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The spectrum of holes haunts qubits



Usually, quantum engineering designs quantum bits with semiconductor components, exploiting the properties of superconducting elements or electrons. In recent years, researchers at our laboratory have developed a very promising alternative by using holes instead of electrons.

Published on 20 December 2021
Today, most of the quantum bits (qubits) developed for quantum engineering are made with superconductors or with electrons in semiconductors. With the same electronic components in silicon, the usual material of classical transistors, but by miniaturizing them to the extreme (width and length of about 50 nm), researchers have designed excellent quantum dots that operate at very low temperatures (less than 100 mK). These quantum dots allow the isolation of a single charge (electron or hole). The spin carried by this charge constitutes the qubit.

Usually, the spin is manipulated with a radio frequency magnetic field (like in NMR for example). In recent years, researchers at our laboratory have developed a very promising alternative by using holes rather than electrons because, in the case of silicon, the spin of holes can be coupled with a radio frequency electric field. Thus, this coupling is simpler to realize experimentally since it is enough to apply a radio frequency voltage on the gate of the transistor.
To have a functional spin qubit it is not sufficient to manipulate the spin, it is still necessary to be able to read its state. To do this, researchers use two coupled quantum dots where the second dot serves as a spin detector, using the Pauli principle which requires that two spins on the same energy level must be opposite. In practice, the manipulation of the spin as well as its readout requires the application of precise voltages, but which are unknown a priori. It is therefore necessary to finely characterize the energy spectrum of the qubits in order to be able to apply the right voltages to them. For this, the researchers use a two-frequency spectroscopy technique.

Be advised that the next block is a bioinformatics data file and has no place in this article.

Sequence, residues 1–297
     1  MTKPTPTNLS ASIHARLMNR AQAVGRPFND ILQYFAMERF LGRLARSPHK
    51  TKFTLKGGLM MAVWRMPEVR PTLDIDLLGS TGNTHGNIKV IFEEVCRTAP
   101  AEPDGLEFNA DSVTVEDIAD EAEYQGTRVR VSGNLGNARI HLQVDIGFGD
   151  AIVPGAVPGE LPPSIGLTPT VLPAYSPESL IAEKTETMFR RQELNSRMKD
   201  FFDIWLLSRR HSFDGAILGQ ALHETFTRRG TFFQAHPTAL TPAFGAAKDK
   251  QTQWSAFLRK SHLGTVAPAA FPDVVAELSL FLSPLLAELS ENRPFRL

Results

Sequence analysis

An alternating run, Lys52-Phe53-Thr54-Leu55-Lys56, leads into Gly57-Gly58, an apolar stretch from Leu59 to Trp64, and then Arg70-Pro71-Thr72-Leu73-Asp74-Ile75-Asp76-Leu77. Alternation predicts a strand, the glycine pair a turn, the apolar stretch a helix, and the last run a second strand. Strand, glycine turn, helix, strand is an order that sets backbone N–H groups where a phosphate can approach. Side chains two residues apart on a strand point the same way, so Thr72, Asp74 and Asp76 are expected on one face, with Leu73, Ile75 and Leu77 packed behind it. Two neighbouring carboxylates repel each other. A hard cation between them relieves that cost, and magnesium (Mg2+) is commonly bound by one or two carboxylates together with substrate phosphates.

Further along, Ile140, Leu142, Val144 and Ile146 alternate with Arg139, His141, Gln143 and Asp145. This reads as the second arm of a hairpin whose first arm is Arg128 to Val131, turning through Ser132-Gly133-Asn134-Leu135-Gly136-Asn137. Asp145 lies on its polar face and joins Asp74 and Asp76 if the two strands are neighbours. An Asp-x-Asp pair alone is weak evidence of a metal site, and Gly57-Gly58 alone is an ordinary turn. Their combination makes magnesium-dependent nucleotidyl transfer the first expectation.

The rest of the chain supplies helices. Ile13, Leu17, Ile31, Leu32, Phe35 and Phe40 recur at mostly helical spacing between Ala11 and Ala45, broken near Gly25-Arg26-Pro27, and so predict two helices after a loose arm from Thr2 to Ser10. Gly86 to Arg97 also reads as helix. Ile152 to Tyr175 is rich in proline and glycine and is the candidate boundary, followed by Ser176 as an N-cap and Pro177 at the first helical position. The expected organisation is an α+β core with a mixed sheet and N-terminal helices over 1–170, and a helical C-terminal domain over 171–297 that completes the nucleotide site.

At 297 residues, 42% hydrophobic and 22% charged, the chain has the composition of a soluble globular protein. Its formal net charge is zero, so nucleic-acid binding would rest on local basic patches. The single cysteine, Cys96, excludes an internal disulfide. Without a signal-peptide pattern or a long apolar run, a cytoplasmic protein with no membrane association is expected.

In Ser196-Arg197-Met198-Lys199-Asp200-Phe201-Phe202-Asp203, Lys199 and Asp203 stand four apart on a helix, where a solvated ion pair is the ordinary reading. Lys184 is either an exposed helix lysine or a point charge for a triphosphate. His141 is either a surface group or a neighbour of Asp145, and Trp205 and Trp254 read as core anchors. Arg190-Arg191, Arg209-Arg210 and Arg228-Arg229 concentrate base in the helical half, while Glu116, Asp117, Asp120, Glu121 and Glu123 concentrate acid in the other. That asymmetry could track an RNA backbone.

These results make it possible to adjust the operating parameters of the "all-electric" spin qubit for the continuation of the projects in progress at IRIG, in particular for larger scale quantum processors.

Schematic diagram of the silicon nanowire between two transistor gates. Under each gate, a hole is trapped. The spin of this hole is for example "up" (red arrow) or "down" (blue arrow). The spin can be transferred from one gate to the other (green arrow) by applying the right voltages. A 10 GHz signal is applied to rotate the spin in the "qubit" dot. In the other dot, the spin state is detected by a resonator at the resonance frequency of 500 MHz.

To go further:
To obtain the energy spectrum of qubits, the researchers apply a two-frequency spectroscopy technique.
A first signal at high frequency (ten gigahertz) corresponds to the transition between the two states 0 or 1 of the qubit. This gives access to the g factor, known as the "Lande factor", which translates the relationship between the applied static magnetic field (B) and the energy (E), according to the formula E=gµB (where µ is a constant, called Bohr’s magneton).
The second signal allows to read very quickly (about 10 µs) the spin state thanks to the second dot (detector) and according to the technique called radiofrequency reflectometry. This is made possible by another resonance, created by the detector, and an inductance of a few hundred nH placed in series. By working at the resonance frequency (about 500 MHz), we become extremely sensitive to the transitions between the two boxes, especially by reading out the phase of the reflected signal.

In addition to the Lande factor, it is possible to determine the tunnel coupling between the dots, as well as the strength of the spin-orbit coupling specific to our hole qubits. These parameters allow in return to apply the right signals on the qubit, to optimize for example the coherence time.

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